70+ Lots of quality vintage enamel signs are included in Purcell’s (Birr) sale of Antiques & Collectables tomorrow Saturday 12th October. Some real gems here including several rare, double sided, AA signs (see below) and prices are now very competitive. For years the best of these signs were beyond the means of many private collectors and found their way into Irish theme pubs, but with changing tastes, and the decline of the pub trade, many items are now back on the market and at realistic prices.
In Victorian times the use of sheet steel coated in vitreous enamel became popular for advertising signs. It retained its bright colours for far longer than either paint or print. The heyday of the enamel sign was not long (1880/1910) and some place the start of their decline from popularity at the about the time that the railways stopped expanding. It seems that a more general downturn in the use of enamel signs began in the 1920’s with the Depression. Then in the Second World War the use of steel for advertising purposes was prohibited and many existing signs were recycled in the scrap metal drive.
After the War fashions changed more rapidly than in the past, as did prices, so there was little point in such hard wearing signs whose message and price would inevitably be out of date long before the sign wore out. Indeed, such was the durability of the signs that many still turn up today in good condition after more than fifty years in use as a shed roof or some similar function.
The advertising is from an era before the product got lost in the message! Simple slogans such as ‘Guinness is good for you’ or ‘Brooke Bond Tea’ (illustrated here) with little else added were the norm.
Full catalogue here:
Whyte’s sale of History, Literature & Collectables on Saturday 21st April has been adjudged a major success by the company with over 80% of lots sold for a total of €350,000.
The star item was Lot.12. Composite Atlas Orbis Novi et Antiqvi Delineatio (1657) – a collection of bound 16th Century maps. Manuscript title Orbis Novi et Antiqvi Delineatio, 1657, G.M.F. within an engraved title page. A total of 90 engraved maps (72 double page) by or after Mercator, Ortelius, Hondius, Janssonius and Quad, with fine examples of Ireland. Est.€10,000-12,000 sold for €9,500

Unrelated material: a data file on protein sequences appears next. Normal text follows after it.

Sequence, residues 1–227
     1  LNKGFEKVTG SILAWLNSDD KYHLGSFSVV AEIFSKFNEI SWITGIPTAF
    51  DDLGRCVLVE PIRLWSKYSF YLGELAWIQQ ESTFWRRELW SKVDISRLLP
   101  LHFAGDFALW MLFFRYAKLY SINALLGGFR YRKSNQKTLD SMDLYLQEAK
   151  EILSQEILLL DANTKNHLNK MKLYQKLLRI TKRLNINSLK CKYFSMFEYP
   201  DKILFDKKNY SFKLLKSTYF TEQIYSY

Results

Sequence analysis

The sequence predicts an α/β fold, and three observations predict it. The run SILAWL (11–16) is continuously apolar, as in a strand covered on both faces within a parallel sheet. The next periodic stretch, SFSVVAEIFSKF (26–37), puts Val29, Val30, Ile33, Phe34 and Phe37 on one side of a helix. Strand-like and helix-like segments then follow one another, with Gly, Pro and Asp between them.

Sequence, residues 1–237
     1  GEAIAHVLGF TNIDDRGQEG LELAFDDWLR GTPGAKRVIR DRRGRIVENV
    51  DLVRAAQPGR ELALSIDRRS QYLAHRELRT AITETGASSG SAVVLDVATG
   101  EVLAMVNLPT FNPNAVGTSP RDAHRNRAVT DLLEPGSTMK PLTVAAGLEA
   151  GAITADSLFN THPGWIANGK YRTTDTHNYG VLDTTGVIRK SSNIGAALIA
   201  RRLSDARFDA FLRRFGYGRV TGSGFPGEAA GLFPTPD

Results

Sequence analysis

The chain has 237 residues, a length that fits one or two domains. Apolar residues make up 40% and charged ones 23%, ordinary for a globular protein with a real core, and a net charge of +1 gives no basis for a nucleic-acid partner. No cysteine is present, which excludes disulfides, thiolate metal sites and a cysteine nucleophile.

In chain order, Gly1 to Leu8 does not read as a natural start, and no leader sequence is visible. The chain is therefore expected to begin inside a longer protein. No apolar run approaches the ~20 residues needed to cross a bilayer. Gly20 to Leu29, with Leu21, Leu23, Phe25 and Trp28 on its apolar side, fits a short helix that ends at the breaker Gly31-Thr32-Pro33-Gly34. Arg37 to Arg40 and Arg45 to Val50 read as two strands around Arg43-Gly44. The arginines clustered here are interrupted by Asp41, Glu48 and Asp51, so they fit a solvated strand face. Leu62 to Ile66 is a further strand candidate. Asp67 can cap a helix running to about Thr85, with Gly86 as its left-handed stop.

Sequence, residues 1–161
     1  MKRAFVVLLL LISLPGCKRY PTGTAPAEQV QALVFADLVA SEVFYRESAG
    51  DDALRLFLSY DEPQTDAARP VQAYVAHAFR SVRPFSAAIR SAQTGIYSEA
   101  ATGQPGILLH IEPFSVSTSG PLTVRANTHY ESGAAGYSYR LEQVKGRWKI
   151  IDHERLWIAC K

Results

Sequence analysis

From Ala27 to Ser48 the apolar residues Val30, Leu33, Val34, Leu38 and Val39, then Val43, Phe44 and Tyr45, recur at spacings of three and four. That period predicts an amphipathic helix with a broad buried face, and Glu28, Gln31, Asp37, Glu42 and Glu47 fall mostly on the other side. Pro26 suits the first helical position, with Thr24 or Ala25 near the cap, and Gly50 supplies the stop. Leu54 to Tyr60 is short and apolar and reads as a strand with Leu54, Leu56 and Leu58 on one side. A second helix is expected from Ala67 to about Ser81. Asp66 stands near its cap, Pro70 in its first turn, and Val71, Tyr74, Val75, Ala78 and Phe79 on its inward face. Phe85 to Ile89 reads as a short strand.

Lot.235. 1916 (28th April – 2nd May). The Rising in Enniscorthy – a unique and important collection of documents including ceasefire order. Estimate: €5,000-7,000 sold for €7,000. Never has so much been paid for so little – in my opinion – but the surrender order is only the second one ever to appear at auction!
Other popular items to exceed their pre-sale estimates included crockery from the White Star Line and some very fine Guinness lithographic posters, one of which – Lot.548. Colour lithograph, framed,Guinness poster with artwork by Raymond Tooby. 32 x 22 inches. Printed by Mills & Rockleys, Ipswich (below). Est. €300-500 sold for an incredible €1,150!
* Some unsold items are still available, details here: http://www.whytes.ie/
When it comes to collecting drink related antiques (breweriana) Guinness represents the very top end of the market. The most popular items feature the animals made famous by the artist John Gilroy in Guinness advertising from 1930 until the mid-1960’s. Carlton Ware produced a wide range of these animals with Penguins, Toucans, and the Sea Lion lamp (pictured here and once the star item in my collection) being amongst the most sought after items.
Guinness collecting is a seriously expensive business, and as such has attracted the attentions of quite a lot of forgers. Legitimate reproductions also abound so you have to be really wary or you can pay as much for a forgery/reproduction as for the real thing! Look out for signs of wear, especially on the base and also smoke staining and crazing – their absence is often a good indicator that the item in question has never been inside a pub and is new.
As a general rule don’t buy Guinness items in Ireland, as the quality isn’t to be had and the prices are usually outrageous. The internet is a much better option and eBay normally has several thousand pieces of Guinness breweriana for sale at any one time. Quality varies enormously and good pieces fetch staggeringly high prices but there is still the odd bargain to be had.
If you’re a Guinness collector look no further than The Guinness Collectors Club which can be contacted via its website at www.guinntiques.com Here there is everything that you could want to know about the history of Guinness, the advertising material, the breweriana etc and there is also much useful information about how to identify fakes – indispensable to the collector.
The official Guinness website http://www.guinness.com/en-ie/ has all sorts of interesting things on it including long forgotten TV ads – sadly though, none of the best ones!
Nobody with even a passing interest in Guinness collecting will want to be without a copy of “The Guide to Guinness Collectables” by Nick Fairall & David Hughes. This is available at a discount through the Guinness Collectors Club website but hurry, as I think that the first edition is now out of print.